Can Modi electrify all of India within two years? | Asia| An in-depth look at news from across the continent | DW | 01.03.2016
  1. Inhalt
  2. Navigation
  3. Weitere Inhalte
  4. Metanavigation
  5. Suche
  6. Choose from 30 Languages


Can Modi electrify all of India within two years?

The Indian government has pledged to scale up efforts to bring electricity to every village in the country within the next two years. DW examines the challenges it will likely encounter in realizing this goal.

Introducing the 2016-17 federal budget to parliament, Finance Minister Arun Jaitley said on February 29 that the government would allocate more funds to bring electricity to all of the country's villages by May 2018.

New Delhi's target is to provide electrification to around 200 villages per week. The goal, however, is limited to bringing electricity to all villages, and not to provide power to all households. There is a clear distinction between the two as India's 2011 census highlighted that even in villages which had access to electricity, only 55 percent of homes used it as the primary source of lighting.

Of the estimated 300 million Indians - nearly as many people as the entire population of the United States - who do not have access to electricity, around two-thirds of them live in rural areas. In fact, government data show that over 12,000 villages in the South Asian nation are currently not connected to the power grid.

Socio-economic impact

The lack of access to electricity has been a major factor behind a myriad of socio-economic and development-related issues confronting India's rural population. The issue for instance, has had a negative impact on rural education, healthcare and agriculture, thus contributing to the widening wealth gap between the nation's urban and rural areas.

Arbeiter in einer Solaranlage in Indien

Modi's government wants to boost solar power production in the country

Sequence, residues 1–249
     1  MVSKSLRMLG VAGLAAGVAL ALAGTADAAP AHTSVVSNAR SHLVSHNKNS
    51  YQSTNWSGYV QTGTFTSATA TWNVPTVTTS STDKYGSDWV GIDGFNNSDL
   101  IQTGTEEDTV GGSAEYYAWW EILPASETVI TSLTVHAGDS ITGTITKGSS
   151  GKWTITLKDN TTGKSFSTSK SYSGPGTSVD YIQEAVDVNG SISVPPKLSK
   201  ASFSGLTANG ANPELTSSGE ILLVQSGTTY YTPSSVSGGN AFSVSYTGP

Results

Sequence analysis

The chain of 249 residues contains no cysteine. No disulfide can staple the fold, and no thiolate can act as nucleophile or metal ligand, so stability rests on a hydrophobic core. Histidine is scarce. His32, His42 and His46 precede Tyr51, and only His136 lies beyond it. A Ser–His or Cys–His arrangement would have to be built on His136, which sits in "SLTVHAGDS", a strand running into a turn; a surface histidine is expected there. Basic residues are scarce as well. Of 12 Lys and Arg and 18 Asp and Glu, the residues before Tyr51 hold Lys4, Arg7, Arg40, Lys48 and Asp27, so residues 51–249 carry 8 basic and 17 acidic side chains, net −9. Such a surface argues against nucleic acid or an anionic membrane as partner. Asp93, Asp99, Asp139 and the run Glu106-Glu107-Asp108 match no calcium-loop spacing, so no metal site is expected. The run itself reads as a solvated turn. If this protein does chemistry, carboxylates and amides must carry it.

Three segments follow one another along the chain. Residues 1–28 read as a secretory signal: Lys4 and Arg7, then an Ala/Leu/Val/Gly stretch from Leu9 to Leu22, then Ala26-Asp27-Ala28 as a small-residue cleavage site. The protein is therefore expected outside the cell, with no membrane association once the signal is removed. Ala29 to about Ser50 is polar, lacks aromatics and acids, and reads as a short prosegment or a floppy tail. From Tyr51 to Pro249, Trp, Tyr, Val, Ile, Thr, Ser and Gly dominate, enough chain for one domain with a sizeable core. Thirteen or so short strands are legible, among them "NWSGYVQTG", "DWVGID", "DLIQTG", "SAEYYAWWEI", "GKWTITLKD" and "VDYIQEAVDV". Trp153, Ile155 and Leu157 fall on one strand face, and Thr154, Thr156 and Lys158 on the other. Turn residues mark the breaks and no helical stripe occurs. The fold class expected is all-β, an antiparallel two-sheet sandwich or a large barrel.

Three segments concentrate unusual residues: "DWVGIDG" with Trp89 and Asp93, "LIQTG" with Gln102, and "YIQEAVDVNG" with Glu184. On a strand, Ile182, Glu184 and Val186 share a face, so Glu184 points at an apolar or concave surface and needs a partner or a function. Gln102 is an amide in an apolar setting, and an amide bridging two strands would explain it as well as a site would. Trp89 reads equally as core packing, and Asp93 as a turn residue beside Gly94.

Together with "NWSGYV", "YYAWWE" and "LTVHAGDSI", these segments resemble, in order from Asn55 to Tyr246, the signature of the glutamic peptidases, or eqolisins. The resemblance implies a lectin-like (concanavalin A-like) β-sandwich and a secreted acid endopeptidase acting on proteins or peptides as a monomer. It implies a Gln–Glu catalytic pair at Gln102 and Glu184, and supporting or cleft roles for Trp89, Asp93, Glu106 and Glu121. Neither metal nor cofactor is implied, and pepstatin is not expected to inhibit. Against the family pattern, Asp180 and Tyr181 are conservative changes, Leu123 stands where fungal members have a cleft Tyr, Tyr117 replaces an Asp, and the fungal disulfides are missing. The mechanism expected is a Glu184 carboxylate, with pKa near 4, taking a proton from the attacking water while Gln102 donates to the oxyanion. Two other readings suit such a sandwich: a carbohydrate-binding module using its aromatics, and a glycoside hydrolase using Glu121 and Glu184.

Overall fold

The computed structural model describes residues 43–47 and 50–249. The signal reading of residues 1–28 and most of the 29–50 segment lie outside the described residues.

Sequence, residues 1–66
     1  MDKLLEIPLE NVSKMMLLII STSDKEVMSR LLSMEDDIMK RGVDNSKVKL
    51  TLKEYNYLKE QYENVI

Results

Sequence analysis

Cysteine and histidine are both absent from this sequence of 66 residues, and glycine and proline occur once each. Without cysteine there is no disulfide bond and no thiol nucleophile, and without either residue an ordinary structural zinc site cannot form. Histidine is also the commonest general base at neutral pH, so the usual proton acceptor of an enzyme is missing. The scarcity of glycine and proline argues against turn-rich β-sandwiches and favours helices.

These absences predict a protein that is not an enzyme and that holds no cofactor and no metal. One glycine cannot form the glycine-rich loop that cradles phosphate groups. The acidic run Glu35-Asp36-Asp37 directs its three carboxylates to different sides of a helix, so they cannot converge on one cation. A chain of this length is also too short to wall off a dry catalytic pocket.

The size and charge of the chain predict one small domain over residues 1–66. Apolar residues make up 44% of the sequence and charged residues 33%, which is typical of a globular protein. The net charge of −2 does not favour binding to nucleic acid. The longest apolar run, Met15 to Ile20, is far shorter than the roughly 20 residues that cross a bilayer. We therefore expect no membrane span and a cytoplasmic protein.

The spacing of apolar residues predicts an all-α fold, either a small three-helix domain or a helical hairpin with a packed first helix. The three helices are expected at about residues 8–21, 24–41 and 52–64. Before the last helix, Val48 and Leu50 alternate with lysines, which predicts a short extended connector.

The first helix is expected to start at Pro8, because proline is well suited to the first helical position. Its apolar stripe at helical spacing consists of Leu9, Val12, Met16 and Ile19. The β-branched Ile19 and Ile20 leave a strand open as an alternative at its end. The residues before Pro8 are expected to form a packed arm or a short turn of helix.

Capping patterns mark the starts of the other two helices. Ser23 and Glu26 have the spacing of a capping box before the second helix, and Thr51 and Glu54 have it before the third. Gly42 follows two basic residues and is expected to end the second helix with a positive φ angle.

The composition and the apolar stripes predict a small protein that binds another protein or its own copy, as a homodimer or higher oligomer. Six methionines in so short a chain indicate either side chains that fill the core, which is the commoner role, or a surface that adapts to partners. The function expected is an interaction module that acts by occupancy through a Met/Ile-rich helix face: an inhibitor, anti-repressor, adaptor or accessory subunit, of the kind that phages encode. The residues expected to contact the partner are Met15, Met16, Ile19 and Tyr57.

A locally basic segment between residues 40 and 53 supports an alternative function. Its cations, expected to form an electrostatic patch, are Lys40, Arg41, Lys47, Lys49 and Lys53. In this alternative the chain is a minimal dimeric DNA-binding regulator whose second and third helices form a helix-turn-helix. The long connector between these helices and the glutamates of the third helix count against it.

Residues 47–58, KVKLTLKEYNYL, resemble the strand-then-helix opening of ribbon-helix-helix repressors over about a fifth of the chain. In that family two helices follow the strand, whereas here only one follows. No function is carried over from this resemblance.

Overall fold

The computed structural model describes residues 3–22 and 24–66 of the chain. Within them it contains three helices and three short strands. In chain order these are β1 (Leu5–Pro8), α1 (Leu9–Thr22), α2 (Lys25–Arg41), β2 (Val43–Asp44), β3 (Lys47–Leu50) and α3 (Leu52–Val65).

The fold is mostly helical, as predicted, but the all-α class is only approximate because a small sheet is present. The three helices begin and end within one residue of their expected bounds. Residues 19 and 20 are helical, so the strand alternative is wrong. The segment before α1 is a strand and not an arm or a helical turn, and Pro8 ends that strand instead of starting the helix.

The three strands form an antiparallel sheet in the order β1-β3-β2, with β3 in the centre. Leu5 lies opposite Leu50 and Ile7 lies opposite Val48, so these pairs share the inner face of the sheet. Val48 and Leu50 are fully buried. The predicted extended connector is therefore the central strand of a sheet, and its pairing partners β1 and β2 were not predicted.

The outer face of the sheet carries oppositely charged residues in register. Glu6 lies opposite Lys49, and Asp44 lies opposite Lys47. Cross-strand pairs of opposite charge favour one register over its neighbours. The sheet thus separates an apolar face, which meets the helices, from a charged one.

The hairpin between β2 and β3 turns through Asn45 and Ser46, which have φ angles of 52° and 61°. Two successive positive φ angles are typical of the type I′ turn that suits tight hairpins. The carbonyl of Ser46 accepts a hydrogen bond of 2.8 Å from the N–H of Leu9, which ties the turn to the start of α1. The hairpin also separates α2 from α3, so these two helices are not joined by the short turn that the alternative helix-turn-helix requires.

"This has affected rural education and employment, leading in turn to mass migration to urban centers, thus putting extra pressure on the urban infrastructure," said N. Sathiya Moorthy, director of the Chennai Chapter of the India-based Observer Research Foundation (ORF).

Analysts like Rajiv Biswas, Asia-Pacific Chief Economist at the analytics firm IHS Global Insight, point out that access to electricity is a major indicator of economic and human progress.

Biswas argues that electricity enables a wide range of development activities, notably an increased ability for students to study in the evenings and improve their literacy and human capital skills, as well as allowing rural families to operate cottage industries during evening hours, thereby improving incomes amongst poor rural households.

Providing access to electricity also brings environmental benefits, as rural families can use it as a source of fuel for cooking and heating, rather than rely on the burning of wood and charcoal, thus reducing deforestation and carbon emissions.

Nevertheless, India has so far failed to provide electricity to a significant proportion of its population due to a massive mismatch between the power supply and demand. And even those that are connected to the power grid are regularly forced to bear the brunt of power cuts and blackouts due to the largely outdated and overburdened electrical grid.

This is why the administration, led by Prime Minister Narendra Modi, says it has focused its efforts on expanding the nation's power generation and transmission capacities, aiming to bolster energy production by 118 gigawatts (GW) by 2017.

Expanding renewables

In addition to producing power through conventional sources such as coal, New Delhi wants to encourage renewable energy sources, with the government announcing an ambitious plan to add 100 GW of solar power production by 2022.

However, experts caution that the issues surrounding power supply to rural areas cannot be resolved by merely producing more electricity, stressing that factors such as energy pricing also play a major role.

Biswas, for instance, says that one of the key reasons behind the lack of electricity connectivity in many villages is the inability of India's rural poor to pay the energy bills, as the cost of electricity remains too high for many of them. This factor, coupled with the financial difficulties of India's power companies, has constrained the development of energy infrastructure and limited rural electricity access.

While India could overcome this problem by offering financial incentives to power utilities, the government is constrained by its already high levels of debt and fiscal deficit.

In light of this, experts recommend a greater use of renewables such as solar and wind power for villages. "Giving a high priority to renewable energy solutions and developing village microgrids - independent of a centralized grid - may offer more sustainable solutions for rapid electricity supply to rural households," said Biswas.

ORF analyst Moorthy underlines that although the government's goal of expanding electricity to all Indian villages is not unrealistic, it will face considerable challenges as success will depend on how effectively New Delhi can work with state governments on the issue.